Last year during a Moneycontrol interview, Zetwerk’s Amrit Acharya in a lighter vein had commented that when professors (of IIT Madras) become entrepreneurs, they do not start “food-delivery companies”, instead they would work on something technology-intensive, and in their specialisation.

That claim indeed holds true, as one such professor, Satyanarayanan Chakravarthy, is a co-founder of hybrid electric plane start-up e-Plane, space tech start-ups such as Agnikul Cosmos and GalaxEye Space, and micro-gas turbine maker Aerostrovilos.

“I think the number of faculty around the world who are into entrepreneurship at the level that I do—I’m not saying that is much—but there are only a few people who will probably take a long leave of absence or choose not to get paid,” Chakravarthy told Moneycontrol in an interview.

“And then because you’ve been a faculty for quite some time you get in the comfort zone, right. And you don’t want to step out of your comfort zone. So you actually look for any co-founders who might come up to you and discuss ideas to commercialise, and then you can support them, you can advise them,” he said, adding that the faculty involvement happens at “fairly higher rate” at IIT Madras than at other institutes.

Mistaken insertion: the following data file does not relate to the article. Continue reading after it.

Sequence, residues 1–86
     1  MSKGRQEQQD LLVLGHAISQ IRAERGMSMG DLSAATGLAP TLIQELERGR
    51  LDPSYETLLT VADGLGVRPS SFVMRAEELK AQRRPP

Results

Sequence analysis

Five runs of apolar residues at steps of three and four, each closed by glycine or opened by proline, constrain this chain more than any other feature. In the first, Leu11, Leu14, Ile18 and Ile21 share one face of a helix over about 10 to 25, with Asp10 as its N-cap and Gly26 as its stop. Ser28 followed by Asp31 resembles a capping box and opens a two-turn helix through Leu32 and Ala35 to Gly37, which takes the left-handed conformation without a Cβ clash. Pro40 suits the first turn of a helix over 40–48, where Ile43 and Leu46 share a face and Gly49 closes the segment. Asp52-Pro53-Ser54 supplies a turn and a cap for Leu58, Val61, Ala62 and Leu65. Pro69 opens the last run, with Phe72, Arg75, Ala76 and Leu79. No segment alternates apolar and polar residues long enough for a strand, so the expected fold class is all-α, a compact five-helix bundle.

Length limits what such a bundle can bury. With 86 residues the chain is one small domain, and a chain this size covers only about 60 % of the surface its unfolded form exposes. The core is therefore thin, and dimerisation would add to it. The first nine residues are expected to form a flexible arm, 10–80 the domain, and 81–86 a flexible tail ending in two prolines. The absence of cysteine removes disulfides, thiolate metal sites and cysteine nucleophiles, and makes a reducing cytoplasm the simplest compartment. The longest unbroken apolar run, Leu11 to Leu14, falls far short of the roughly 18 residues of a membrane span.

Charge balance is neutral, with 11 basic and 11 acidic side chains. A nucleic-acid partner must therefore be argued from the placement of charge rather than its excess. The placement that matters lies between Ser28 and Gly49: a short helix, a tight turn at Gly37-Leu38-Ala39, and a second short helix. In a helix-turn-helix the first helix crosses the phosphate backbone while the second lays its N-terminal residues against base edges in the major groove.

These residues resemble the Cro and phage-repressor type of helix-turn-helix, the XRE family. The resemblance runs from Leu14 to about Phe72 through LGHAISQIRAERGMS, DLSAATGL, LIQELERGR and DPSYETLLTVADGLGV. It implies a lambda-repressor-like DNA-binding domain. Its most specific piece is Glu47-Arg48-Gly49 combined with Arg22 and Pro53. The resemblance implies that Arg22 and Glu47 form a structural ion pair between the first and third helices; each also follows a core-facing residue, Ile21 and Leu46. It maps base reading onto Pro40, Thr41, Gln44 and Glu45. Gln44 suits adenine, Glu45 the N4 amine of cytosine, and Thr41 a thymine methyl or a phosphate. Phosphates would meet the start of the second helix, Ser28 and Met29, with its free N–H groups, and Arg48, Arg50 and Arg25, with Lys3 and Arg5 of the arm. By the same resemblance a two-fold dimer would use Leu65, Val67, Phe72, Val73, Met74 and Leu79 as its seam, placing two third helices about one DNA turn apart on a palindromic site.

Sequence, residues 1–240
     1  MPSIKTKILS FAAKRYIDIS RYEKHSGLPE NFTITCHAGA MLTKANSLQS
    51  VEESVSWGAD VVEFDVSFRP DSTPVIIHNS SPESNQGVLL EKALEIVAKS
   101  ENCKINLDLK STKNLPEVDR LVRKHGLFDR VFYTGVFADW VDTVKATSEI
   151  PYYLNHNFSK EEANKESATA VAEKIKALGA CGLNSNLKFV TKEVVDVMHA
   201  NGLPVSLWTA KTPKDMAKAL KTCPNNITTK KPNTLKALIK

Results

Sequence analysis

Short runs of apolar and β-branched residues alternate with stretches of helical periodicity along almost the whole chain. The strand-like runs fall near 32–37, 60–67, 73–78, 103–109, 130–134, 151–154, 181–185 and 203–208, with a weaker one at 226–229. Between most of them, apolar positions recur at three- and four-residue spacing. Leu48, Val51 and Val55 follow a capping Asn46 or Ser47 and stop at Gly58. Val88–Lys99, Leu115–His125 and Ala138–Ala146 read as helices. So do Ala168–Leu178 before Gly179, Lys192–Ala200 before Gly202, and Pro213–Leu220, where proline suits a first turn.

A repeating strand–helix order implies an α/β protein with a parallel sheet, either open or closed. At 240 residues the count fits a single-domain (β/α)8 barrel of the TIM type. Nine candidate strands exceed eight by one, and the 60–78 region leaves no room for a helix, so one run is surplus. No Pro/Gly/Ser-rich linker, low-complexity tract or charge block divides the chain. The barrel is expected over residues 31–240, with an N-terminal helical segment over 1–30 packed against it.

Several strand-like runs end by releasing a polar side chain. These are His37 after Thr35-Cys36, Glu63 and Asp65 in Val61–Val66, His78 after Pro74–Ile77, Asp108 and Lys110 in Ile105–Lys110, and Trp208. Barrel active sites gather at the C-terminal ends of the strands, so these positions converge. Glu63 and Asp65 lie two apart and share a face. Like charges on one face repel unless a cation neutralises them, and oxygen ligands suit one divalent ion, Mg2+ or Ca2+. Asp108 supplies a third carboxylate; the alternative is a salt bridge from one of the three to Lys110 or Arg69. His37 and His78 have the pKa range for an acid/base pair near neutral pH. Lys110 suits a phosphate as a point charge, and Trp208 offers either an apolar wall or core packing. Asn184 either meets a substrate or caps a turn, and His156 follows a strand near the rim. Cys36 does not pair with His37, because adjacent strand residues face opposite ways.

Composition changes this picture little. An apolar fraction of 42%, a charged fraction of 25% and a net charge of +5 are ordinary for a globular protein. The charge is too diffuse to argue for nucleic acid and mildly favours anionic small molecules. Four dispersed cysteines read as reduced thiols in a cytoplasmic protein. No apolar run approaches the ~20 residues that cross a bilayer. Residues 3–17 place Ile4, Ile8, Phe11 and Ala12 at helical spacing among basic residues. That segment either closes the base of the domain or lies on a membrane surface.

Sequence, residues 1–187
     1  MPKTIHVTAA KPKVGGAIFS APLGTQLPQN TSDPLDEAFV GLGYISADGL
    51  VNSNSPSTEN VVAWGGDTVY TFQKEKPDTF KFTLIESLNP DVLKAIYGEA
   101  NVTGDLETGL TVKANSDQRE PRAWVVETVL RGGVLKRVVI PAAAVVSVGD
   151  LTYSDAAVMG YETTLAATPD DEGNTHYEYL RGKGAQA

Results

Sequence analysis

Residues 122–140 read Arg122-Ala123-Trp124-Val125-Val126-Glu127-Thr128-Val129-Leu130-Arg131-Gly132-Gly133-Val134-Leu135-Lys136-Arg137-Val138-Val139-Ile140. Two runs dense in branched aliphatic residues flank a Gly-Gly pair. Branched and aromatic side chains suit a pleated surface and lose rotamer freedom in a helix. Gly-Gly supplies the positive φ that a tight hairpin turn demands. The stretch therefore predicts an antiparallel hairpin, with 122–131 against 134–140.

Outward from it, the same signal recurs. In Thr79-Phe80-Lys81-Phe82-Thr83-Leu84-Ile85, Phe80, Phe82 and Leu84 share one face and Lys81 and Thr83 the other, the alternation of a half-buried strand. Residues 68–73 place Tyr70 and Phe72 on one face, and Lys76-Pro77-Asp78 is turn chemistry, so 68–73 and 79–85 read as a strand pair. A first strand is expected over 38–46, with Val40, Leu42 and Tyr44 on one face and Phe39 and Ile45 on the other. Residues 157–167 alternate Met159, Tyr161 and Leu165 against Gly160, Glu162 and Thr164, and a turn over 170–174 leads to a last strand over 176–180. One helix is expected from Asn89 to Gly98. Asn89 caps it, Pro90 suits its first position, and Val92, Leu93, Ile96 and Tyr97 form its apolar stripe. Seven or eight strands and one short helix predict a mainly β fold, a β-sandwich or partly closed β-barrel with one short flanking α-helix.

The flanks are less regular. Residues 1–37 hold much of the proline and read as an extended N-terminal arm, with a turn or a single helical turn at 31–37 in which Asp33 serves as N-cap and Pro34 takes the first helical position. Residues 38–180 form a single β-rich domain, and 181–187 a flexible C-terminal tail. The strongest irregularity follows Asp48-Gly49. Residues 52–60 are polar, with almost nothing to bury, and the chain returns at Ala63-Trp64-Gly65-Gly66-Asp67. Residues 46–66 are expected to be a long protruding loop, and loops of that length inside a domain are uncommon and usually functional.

Ninety-nine percent of Chakravarthy’s time now is devoted to e-Plane which last year raised $5 million in funding, and he works as an advisor for the other startups he is involved with.

Thus it’s evident that it’s not just the contribution of a single stakeholder in silos, like students or researchers or faculty that makes IIT Madras a hub of innovation in the country but a collaborative effort of the entire ecosystem which includes industry and academia.

Going forward, IITMRP director Jhunjhunwala said that more effort has to be put in creating solutions that emit less greenhouse gases and towards achieving net-zero goals.